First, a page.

Beyond 1967: Obama’s Remarks on Arab-Israeli Peace
When US President Barack Obama suggested last Thursday that the borders of Israel and Palestine should be based on the 1967 lines with mutually agreed swaps, those familiar with the evolution of US policy with respect to the issue did not bat an eyelid. Unfortunately and unsurprisingly, that did not prevent the media from whipping up the firestorm that has raged over the past few days about an unrealistic return to 1967 that threatens Israel’s existence.
In fact, America’s position since the Camp David negotiations of 2000 has been that while the starting point of negotiations should be Israel’s boundaries before it wrested control of the West Bank and Gaza Strip after the 1967 war, land swaps agreed upon by Israelis and Palestinians would be necessary to account for the changing realities on the ground, including some 500,000 Israelis living beyond the 1967 lines. All Mr. Obama did was to formalize this into official US policy. These were his exact words:
The borders of Israel and Palestine should be based on the 1967 lines with mutually agreed swaps, so that secure and recognized borders are established for both states.
It is a pity that Mr. Obama’s remarks were received with such fierce controversy and vehement condemnation, such that he had to restate his position again at an AIPAC speech Sunday couched in more cozy boilerplate about Israel’s security. The criticism was not based on substance (as Mr. Obama himself stated), but was a powerful display of both the fiery passion that the Arab-Israeli conflict usually unleashes and the frosty relationship that has developed between Mr. Obama and Israeli Prime Minister Benjamin Netanyahu.
To Mr. Obama’s credit, as he has done several times before, he responded to this opposition not by throwing in the towel, but by dishing up a dose of honesty and a hint of boldness. While uttering the usual reassurances on Israeli security, he staunchly defended his earlier comments and made it clear that changing demographic, technological, and political trends in the region and beyond made pursuing Arab-Israeli peace an urgent priority, positioning US foreign policy more in line with Israeli moderates rather than Mr. Netanyahu:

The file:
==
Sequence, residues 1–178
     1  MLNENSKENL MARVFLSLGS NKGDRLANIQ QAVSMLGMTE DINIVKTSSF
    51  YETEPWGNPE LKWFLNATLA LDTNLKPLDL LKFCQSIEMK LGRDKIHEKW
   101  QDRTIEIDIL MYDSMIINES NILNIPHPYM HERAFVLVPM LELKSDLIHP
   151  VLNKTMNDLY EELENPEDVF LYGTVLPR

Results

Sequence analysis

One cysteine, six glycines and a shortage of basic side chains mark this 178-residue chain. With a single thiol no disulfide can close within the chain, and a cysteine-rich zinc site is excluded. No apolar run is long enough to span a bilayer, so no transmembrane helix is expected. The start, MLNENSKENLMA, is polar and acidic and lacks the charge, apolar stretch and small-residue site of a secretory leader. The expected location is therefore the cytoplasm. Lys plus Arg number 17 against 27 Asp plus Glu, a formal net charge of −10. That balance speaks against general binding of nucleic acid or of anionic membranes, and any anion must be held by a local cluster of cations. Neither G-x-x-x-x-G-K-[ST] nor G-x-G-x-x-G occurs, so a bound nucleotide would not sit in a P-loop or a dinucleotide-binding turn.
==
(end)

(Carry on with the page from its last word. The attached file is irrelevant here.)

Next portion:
What I did on Thursday was to say publicly what has long been acknowledged privately. I’ve done so because we can’t afford to wait another decade, or another two decades, or another three decades to achieve peace. The world is moving too fast. The world is moving too fast. The extraordinary challenges facing Israel will only grow. Delay will undermine Israel’s security and the peace that the Israeli people deserve.
Some may argue that despite the high priority accorded to Arab-Israeli peace under the Obama administration and Mr. Obama’s initial boldness (on the Jewish settlement freeze, for instance), he has produced little to show for it, and has in some cases backtracked. The US veto on the UN Israeli settlement resolution earlier this year in particular vexes many. But on an issue that is so politically sensitive, Mr. Obama does deserve some praise for trying and in some cases persisting, even when the realities on the ground and domestic political context have proven challenging and when he has not had the most constructive partners to work with.
It is easy to be pessimistic or cynical about Israel-Palestine, and convenient for a US president just to tow the line on America’s unshakable commitment to Israel. That Mr. Obama has chosen the tougher path of greater honesty and balance, sometimes at the expense of his own image, ought to be at least recognized, even while its outcome may be criticized.